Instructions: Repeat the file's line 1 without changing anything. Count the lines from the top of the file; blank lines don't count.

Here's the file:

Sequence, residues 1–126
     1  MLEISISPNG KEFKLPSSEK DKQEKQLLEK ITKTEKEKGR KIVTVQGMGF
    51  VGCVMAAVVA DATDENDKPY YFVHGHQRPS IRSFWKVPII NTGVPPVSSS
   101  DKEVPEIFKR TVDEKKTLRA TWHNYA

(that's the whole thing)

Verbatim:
Sequence, residues 1–126